A new federal program called Biometric Exit would match the photos of visitors flying out of the US to their visa photo, in an effort to curb illegal immigration.
A new federal program called Biometric Exit, which uses facial recognition to track visa holders flying out of the US, could be soon expanding to airports throughout the country, according to a Tuesday report from The Verge.
Facial recognition technology was implemented under the Obama administration in Washington, DC's Dulles airport in 2015, and New York's JFK airport in 2016. And while the Biometric Exit was planned for a deployment in early 2018, the Trump administration has taken steps to expedite the process and bring the system to airports more quickly, The Verge reported.
The January 2017 travel ban issued by Trump contained language pointing to a speeding up of the implementation. According to Section 7 of the executive order: "The Secretary of Homeland Security shall expedite the completion and implementation of a biometric entry-exit tracking system for all travelers to the United States, as recommended by the National Commission on Terrorist Attacks Upon the United States."
Here's how the Biometric Exit system works: Before boarding a plane out of the US, photos will be taken of the passengers, which will be matched up against the photos connected to their visas. If there is no match, The Verge report said, it could be a sign that the passenger initially entered the US illegally.
Currently, Biometric Exit is being used on an Atlanta to Tokyo flight, but the report noted that it could be coming to more airports as soon as this summer. Larry Panetta of US Customs and Border Protection (CBP) told The Verge that facial recognition is the biometric point that they'll be focusing on moving forward.
"We currently have everyone's photo, so we don't need to do any sort of enrollment," Panetta told The Verge. "We have access to the Department of State records so we have photos of US Citizens, we have visa photos, we have photos of people when they cross into the US and their biometrics are captured into [DHS biometric database] IDENT."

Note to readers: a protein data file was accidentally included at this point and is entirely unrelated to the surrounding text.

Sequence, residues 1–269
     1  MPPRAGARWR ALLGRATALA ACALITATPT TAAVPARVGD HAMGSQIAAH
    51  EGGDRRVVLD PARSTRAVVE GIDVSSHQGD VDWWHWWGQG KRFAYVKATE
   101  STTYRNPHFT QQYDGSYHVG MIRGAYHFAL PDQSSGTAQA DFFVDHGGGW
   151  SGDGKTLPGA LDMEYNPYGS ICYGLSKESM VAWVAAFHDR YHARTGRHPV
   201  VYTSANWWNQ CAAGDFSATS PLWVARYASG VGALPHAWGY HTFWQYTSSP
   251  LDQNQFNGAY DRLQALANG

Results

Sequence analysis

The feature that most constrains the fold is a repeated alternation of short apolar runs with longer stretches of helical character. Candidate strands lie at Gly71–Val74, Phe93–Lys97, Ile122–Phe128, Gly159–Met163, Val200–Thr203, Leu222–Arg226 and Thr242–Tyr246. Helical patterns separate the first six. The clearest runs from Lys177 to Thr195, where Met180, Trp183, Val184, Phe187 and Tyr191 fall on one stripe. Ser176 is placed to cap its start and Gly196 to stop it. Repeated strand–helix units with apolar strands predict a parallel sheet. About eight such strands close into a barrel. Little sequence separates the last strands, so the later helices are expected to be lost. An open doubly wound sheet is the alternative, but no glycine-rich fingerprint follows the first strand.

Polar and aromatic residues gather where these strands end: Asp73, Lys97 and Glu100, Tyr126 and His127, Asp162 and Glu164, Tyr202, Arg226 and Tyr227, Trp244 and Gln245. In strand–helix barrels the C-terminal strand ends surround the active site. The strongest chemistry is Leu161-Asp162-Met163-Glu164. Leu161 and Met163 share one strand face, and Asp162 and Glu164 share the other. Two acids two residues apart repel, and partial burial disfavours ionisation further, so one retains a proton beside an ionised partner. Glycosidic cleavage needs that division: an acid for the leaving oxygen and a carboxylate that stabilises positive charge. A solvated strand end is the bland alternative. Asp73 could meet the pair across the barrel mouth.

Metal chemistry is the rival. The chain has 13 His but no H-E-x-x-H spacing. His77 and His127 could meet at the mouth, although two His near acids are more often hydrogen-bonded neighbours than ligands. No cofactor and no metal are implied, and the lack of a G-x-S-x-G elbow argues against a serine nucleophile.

Once the infrastructure is built out, Panetta also noted that the information therein could be given to the TSA and private airlines as well. If shared with those entities, it could broaden the potential privacy concerns that the Biometric Exit program has to begin with.
For business travelers from outside the US, and workers who may be pursuing a visa to work in the US, the Biometric Exit program will likely initially be used to track who is overstaying the time allotted by their visa. So, keep that in mind when applying, and be sure to carefully follow the schedule determined by your particular visa.
The 3 big takeaways for TechRepublic readers
- The Trump administration is taking steps to expedite the Biometric Exit program, which uses facial recognition to track visa holders flying out of the US, according to a report from The Verge,
- Biometric Exit is currently being used on an Atlanta to Tokyo flight, but it could expand to more airports by this summer.
- The program is intended to track who has overstayed the time allotted by their visa, and potentially to determine who may have entered the US illegally.
- Russian facial recognition program beats Google, but big privacy questions linger (TechRepublic)
- H1B fee increase sends Indo-US relations south (ZDNet)
- Trump keeps H-1B, but imposes strict guidelines for applicants (TechRepublic)
- Researchers figure out how to trick facial recognition systems (ZDNet)
- H-1B cap won't drop in 2018, despite rhetoric from Trump administration (TechRepublic)